It’s important for entrepreneurs to lead by example, which means that as Tesla surged through the “production hell” needed to meet its Model 3 production goals, CEO Elon Musk was obviously burning the candle at both ends himself.

The deadline Musk imposed on the Tesla factory production line for the Model 3 was 5,000 cars built in a week. It completed 5,031. The mental strain Musk underwent is evidenced by his Twitter feed, which was running at all hours of the day. Now, in an hour-long interview published July 13 by Bloomberg, Musk discussed why setting the right example was so important and the lengths taken to keep his employees with their eye on the prize.

“The reason I sleep on the floor was not because I couldn’t go across the road and be at the hotel, it was because I wanted my circumstance to be worse than anyone else at the company on purpose,” Musk tells Bloomberg. “Like whatever pain they felt, I wanted mine to be worse. That’s why I did it. And it makes a huge difference to people.”

The Tesla Model 3.
The Tesla Model 3.

What’s It Like to Work at Tesla?

Tesla is a divisive employer. Everyone’s trying to get in the room, enough so that the jobs site LinkedIn named it one of the five most covetable employers in the country in 2018. But it’s also a tough place to work: Barely half of company alums who submitted reviews on Glassdoor said they would recommend the company to a friend (compared with more than 75 percent at companies like Apple and Ford).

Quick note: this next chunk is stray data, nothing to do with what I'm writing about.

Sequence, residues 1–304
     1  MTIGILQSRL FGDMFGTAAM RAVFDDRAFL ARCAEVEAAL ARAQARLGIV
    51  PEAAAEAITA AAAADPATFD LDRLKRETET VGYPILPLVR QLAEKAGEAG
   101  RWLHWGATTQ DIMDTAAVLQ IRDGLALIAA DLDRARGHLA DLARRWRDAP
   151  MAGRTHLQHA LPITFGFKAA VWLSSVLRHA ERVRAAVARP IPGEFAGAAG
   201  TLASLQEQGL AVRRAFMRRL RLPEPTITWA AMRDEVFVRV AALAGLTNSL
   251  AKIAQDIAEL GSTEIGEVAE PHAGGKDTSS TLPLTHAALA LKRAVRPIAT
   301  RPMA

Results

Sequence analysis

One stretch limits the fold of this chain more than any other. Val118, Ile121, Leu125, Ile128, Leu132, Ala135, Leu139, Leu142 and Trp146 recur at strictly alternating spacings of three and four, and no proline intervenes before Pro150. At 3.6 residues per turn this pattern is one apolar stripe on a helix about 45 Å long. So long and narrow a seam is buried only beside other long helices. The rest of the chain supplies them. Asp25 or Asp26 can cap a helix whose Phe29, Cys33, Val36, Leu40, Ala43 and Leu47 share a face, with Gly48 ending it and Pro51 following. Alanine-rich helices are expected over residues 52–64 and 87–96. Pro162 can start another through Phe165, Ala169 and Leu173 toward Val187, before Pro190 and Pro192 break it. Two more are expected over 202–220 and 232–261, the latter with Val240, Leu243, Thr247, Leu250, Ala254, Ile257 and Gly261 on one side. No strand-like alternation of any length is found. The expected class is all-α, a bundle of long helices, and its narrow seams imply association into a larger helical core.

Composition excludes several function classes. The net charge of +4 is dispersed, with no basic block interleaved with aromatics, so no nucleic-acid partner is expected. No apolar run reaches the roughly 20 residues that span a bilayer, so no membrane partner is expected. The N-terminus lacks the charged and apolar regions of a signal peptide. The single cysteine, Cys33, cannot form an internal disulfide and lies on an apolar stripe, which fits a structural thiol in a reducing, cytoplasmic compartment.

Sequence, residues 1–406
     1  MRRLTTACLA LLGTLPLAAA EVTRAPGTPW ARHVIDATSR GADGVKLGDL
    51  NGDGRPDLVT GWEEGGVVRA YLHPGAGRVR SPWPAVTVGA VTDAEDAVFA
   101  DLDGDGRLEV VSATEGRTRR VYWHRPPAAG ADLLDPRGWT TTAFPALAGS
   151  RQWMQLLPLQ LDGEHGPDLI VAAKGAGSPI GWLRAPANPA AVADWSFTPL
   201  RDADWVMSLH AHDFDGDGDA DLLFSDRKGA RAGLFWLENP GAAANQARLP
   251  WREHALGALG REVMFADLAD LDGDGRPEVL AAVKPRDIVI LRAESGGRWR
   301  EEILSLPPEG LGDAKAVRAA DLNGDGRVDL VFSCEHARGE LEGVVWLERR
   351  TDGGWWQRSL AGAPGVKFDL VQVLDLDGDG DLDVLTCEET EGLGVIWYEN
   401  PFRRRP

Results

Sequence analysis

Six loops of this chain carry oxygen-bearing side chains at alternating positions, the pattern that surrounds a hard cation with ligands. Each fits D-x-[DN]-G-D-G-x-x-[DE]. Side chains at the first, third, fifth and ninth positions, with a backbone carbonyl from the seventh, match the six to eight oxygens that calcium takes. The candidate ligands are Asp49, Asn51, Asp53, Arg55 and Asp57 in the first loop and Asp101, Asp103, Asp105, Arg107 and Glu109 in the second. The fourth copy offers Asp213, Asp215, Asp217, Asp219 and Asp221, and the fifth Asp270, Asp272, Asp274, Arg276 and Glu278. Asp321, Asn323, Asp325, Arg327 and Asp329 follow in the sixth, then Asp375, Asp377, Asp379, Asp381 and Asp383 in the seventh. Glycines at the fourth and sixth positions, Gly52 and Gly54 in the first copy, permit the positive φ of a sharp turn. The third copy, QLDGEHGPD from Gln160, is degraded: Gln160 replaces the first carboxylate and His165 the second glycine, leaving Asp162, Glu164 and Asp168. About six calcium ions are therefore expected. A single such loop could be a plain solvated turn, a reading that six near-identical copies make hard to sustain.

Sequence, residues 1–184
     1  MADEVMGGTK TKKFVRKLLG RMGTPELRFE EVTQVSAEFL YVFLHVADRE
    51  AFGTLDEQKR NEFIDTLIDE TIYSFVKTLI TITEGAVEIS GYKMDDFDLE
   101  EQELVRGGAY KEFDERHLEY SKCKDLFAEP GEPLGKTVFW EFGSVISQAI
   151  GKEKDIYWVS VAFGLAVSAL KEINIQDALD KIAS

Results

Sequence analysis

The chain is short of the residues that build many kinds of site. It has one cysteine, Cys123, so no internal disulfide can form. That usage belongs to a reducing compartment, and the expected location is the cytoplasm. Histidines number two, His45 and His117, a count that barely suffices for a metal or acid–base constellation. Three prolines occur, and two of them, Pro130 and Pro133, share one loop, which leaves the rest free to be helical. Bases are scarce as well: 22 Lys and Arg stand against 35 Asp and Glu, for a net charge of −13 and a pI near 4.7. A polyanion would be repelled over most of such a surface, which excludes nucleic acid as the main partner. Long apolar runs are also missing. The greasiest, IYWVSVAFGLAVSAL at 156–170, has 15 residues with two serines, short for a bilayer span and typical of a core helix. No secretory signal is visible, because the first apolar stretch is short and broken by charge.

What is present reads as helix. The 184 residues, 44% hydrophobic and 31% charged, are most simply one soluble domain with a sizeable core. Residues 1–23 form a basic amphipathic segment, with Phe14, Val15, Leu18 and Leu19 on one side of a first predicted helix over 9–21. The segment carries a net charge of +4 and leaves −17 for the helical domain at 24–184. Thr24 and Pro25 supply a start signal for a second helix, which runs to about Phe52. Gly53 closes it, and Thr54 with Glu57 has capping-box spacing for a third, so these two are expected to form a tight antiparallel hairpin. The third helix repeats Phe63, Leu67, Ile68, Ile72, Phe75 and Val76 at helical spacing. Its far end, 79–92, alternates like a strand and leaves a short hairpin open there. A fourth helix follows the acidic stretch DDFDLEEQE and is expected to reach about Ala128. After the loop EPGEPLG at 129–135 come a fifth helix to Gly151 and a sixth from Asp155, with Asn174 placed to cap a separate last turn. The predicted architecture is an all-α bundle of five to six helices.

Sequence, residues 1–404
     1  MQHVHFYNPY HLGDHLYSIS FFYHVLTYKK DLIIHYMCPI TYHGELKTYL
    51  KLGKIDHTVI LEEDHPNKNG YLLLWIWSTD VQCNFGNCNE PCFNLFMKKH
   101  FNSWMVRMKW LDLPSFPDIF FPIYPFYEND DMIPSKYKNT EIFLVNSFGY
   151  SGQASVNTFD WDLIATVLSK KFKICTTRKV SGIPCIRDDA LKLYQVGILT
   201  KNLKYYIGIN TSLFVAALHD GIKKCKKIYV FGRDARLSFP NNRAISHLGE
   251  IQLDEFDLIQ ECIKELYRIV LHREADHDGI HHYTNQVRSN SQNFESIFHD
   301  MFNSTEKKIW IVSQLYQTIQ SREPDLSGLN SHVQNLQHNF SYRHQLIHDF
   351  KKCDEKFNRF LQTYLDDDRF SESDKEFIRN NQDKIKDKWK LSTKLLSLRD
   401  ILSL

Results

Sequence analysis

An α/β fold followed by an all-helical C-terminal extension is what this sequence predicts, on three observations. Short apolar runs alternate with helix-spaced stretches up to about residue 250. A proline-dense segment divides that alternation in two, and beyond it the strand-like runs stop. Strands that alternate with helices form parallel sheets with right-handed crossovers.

Some of Tesla’s 30,000 or so employees have spoken out about the conditions. The biggest scandal has to be the accused misrepresentation of employee injuries, which Musk has actively denied. Still, Tesla bounced back with a list of improvements.

Of course, lots of his employees love him, despite his “aggressive” behavior. Even the lowest-paying jobs at the company hover around six figures, and the mission of transitioning the world to more sustainable energy is undoubtedly a necessary one.

Model 3 production as shown at the Model 3 handover.
Model 3 production as shown at the Model 3 handover.

Can Tesla’s Workers Keep It Up?

Musk hardly invented the capitalist system that constantly demands more and more production to make his bet-the-company cycle profitable. And that’s really what the production hell has been about: Mollifying Musk’s critics who say that his ambitious are little more than a pipe dream fronted by an incredibly compelling spokesman. There are [tons](https://www.inverse.com/article/26161-the-dopest-new-all-electric-cars-for-2017 of pretty sick, high end electric cars out there: Ramping up the mass market Model 3 was about proving that everyday Americans could go electric too.

But hell isn’t exactly a quantifiable measure for how much an employee can be expected to withstand, and it’s unclear whether the vision of your CEO sleeping on the floor, wearing the same clothes five days in a row is enough to compensate for a culture of chronic over-work. Several analysts including Goldman Sachs have questioned whether the pace of work at the Fremont factory is sustainable.

Musk’s insistence that his pain was always “worse” than that of his employees is a fallacy of moral equivalence. In other words, because his pain is worse, the conditions at Tesla’s factory can’t be that bad. That as long as Musk is suffering more, his expectations for his employees are justified.

This may be necessarily for fulfilling Musk’s worthy ambitions. But as far as his workers, it’s bound to take a toll.